Judge refuses to drop $2.7 billion Smartmatic lawsuit against Giuliani and other Trump allies

Judge refuses to drop $2.7 billion Smartmatic lawsuit  against Giuliani and other Trump allies
Staff Sgt. Zach Zenk, an avionics technician with the 115th Fighter Wing, processes absentee ballots at the Mount Horeb Public Library during the Aug. 11 election in Mount Horeb, Wis. Nearly 700 Citizen Soldiers and Airmen from the Wisconsin National Guard mobilized to serve as poll workers across 40 Wisconsin counties. Wisconsin National Guard photo by SMSgt. Larkin Wilde

A federal judge in New York has ruled that Smartmatic can move forward with its pursuit of a defamation lawsuit against Rupert Murdoch's Fox News Network, former President Donald Trump's former lawyer, Rudolph Giuliani, and a number of his post-election allies, including Sidney Powell.

The network and individuals named in the lawsuit had falsely accused the company of aiding President Joe Biden in winning the presidential election. According to Reuters, Justice David Cohen of the New York State Supreme Court in Manhattan, struck down attempts by Murdoch, Fox News anchor Maria Bartiromo and former Fox anchor Lou Dobbs as they requested the dismissal of the lawsuit naming them.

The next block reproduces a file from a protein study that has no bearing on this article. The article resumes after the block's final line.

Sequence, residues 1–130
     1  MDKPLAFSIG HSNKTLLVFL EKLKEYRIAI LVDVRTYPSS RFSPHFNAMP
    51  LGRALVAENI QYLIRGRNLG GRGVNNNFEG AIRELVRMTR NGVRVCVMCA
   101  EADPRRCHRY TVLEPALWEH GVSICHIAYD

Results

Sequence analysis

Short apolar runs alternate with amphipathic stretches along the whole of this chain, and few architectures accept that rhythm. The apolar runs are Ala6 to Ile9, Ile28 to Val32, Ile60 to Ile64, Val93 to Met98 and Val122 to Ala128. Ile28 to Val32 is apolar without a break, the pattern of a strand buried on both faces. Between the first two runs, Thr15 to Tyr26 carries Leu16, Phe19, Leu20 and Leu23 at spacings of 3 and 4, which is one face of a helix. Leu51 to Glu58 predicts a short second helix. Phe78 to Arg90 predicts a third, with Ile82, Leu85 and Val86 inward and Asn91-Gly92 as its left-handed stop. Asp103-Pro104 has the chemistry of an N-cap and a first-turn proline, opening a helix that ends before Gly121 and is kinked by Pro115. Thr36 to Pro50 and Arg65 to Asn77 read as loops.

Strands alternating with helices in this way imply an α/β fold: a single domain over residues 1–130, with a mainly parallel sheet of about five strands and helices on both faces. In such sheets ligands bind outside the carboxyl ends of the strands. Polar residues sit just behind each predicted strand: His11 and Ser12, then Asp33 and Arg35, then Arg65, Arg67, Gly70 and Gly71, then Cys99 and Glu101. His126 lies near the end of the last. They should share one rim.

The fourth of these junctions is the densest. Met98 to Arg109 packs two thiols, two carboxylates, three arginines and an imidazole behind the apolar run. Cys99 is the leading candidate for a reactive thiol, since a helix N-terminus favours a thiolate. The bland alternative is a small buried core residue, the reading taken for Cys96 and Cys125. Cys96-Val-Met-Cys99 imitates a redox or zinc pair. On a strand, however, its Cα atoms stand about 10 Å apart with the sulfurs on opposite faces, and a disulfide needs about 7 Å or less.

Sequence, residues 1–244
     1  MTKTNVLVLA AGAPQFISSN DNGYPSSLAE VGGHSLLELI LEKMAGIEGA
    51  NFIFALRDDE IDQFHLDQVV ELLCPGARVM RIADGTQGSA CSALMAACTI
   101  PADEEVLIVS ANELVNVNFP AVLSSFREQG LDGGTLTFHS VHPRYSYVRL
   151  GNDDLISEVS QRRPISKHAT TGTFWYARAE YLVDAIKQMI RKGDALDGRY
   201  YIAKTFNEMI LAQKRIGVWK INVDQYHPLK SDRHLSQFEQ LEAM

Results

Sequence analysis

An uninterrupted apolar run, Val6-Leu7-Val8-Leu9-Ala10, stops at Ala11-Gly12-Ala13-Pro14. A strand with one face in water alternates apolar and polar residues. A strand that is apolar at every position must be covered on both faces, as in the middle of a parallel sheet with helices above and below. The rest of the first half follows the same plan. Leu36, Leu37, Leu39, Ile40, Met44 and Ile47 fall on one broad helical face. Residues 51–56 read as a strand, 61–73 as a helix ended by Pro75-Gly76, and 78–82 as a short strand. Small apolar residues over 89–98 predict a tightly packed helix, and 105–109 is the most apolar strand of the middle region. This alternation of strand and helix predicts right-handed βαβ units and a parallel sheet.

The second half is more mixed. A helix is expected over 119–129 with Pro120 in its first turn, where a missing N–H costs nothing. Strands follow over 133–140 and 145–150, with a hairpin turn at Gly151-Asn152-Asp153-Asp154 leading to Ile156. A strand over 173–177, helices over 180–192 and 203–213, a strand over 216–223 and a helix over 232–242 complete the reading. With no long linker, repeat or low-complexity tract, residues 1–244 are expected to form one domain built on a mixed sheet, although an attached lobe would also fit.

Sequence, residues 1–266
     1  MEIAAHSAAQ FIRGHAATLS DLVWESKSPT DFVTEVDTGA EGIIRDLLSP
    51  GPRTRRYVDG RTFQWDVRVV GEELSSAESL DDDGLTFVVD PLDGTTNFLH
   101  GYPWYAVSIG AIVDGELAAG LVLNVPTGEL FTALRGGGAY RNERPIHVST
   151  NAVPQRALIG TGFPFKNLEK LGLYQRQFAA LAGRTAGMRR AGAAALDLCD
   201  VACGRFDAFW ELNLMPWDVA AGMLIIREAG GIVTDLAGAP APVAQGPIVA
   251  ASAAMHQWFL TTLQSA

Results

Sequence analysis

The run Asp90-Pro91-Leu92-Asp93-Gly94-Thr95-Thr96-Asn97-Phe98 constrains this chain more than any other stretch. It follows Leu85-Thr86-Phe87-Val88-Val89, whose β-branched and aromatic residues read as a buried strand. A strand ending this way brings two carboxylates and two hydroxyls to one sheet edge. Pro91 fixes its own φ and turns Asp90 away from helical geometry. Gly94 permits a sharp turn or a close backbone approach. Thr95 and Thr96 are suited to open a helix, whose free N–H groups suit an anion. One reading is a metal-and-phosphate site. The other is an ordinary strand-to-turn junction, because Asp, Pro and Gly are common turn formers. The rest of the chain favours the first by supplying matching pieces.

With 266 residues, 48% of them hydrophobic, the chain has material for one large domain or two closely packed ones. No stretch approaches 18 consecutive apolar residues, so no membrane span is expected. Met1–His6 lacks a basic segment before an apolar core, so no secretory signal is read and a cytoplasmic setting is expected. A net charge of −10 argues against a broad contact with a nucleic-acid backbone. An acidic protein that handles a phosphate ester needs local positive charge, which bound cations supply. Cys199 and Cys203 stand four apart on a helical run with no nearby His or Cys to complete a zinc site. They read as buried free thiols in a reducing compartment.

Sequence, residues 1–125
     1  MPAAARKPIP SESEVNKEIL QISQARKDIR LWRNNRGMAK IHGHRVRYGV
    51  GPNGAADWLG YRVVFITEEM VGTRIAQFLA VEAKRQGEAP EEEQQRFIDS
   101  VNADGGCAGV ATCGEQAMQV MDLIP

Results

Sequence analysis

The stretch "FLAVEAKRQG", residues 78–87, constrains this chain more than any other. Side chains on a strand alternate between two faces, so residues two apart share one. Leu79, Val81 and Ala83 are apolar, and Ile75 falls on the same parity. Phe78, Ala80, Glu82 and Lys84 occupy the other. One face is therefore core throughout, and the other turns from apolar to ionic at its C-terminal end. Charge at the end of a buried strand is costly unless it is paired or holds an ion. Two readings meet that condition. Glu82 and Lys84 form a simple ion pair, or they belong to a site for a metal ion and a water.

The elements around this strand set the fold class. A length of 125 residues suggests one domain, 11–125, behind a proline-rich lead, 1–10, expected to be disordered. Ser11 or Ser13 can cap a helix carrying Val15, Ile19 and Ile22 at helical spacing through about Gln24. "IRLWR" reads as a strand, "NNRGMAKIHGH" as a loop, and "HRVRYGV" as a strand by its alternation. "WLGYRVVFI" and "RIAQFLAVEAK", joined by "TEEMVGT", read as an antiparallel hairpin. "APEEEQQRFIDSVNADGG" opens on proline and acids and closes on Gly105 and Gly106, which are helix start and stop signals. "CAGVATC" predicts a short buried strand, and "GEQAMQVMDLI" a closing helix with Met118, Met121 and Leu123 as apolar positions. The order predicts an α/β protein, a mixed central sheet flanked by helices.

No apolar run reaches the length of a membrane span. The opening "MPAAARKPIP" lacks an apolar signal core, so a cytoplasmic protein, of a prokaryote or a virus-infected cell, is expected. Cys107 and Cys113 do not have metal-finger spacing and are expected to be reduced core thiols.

In his 61-page ruling, Cohen pointed out that Giuliani appeared to be responsible for a "'barrage' of criticism, including that Smartmatic fixed elections in Venezuela and was up to its 'old tricks' on election night, justified letting some claims against him proceed."

Per the report, Cohen said, "Smartmatic can pursue some claims against Giuliani, who worked as a lawyer for former Republican President Donald Trump. He dismissed all claims against Fox host Jeanine Pirro and former Trump lawyer Sidney Powell."

Cohen also noted that he "'found' a 'substantial basis' for the claim that Fox News 'turned a blind eye to a litany of outrageous claims about [Smartmatic], unprecedented in the history of American elections, so inherently improbable that it evinced a reckless disregard for the truth.'"

Smartmatic argued that those involved crafted a defaming campaign that labeled it as the "villain" by perpetuating Trump's dangerous, false claims about the presidential election. Smartmatic insists Fox News continued with its falsehoods to "boost ratings, cater to Trump supporters, and avoid losing viewers to smaller, right-wing networks Newsmax and One America News."

Despite the false claims that had been circulated, the Florida-based electronic voting system company insists they only provided services to Los Angeles County, Calif.

Howard Kleinhendler, Powell's lawyer, said she is "confident that any subsequent litigation by Smartmatic or others will reach the same result."

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